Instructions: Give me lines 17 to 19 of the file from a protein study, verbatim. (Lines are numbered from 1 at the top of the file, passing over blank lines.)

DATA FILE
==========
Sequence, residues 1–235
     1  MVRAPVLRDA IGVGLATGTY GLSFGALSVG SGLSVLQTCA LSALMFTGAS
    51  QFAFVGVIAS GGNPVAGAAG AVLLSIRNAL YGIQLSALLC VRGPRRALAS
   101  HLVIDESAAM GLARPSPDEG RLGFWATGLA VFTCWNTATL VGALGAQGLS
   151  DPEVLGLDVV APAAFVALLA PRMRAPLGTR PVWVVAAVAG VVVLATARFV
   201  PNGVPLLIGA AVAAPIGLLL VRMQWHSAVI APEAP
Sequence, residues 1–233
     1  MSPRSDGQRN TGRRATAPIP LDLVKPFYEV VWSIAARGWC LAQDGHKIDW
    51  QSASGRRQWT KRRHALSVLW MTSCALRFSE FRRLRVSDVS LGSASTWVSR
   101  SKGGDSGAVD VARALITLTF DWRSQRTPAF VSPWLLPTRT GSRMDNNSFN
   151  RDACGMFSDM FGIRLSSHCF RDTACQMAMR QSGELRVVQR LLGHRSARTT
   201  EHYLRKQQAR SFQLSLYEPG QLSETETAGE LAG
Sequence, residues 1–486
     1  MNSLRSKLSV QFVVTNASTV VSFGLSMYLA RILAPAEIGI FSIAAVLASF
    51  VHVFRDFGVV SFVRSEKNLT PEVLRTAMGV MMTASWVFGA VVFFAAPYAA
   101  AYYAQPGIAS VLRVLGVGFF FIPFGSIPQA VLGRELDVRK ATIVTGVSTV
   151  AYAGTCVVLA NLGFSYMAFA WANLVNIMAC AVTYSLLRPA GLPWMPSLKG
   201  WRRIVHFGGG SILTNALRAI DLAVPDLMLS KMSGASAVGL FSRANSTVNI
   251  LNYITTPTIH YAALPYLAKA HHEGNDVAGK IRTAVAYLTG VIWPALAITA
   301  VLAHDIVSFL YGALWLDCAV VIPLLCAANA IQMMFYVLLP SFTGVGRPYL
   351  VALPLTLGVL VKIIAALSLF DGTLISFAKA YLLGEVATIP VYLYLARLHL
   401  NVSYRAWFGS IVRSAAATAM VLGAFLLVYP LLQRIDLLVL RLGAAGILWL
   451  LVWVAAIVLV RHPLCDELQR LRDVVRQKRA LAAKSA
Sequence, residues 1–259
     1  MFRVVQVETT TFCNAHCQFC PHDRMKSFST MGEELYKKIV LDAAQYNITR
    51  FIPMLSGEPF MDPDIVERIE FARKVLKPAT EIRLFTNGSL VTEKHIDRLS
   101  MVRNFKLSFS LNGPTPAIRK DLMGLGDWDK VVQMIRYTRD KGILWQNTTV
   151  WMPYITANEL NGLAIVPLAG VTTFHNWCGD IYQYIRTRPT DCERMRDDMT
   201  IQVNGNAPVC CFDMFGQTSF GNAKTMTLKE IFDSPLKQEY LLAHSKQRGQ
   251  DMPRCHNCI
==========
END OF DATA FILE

   151  AYAGTCVVLA NLGFSYMAFA WANLVNIMAC AVTYSLLRPA GLPWMPSLKG
   201  WRRIVHFGGG SILTNALRAI DLAVPDLMLS KMSGASAVGL FSRANSTVNI
   251  LNYITTPTIH YAALPYLAKA HHEGNDVAGK IRTAVAYLTG VIWPALAITA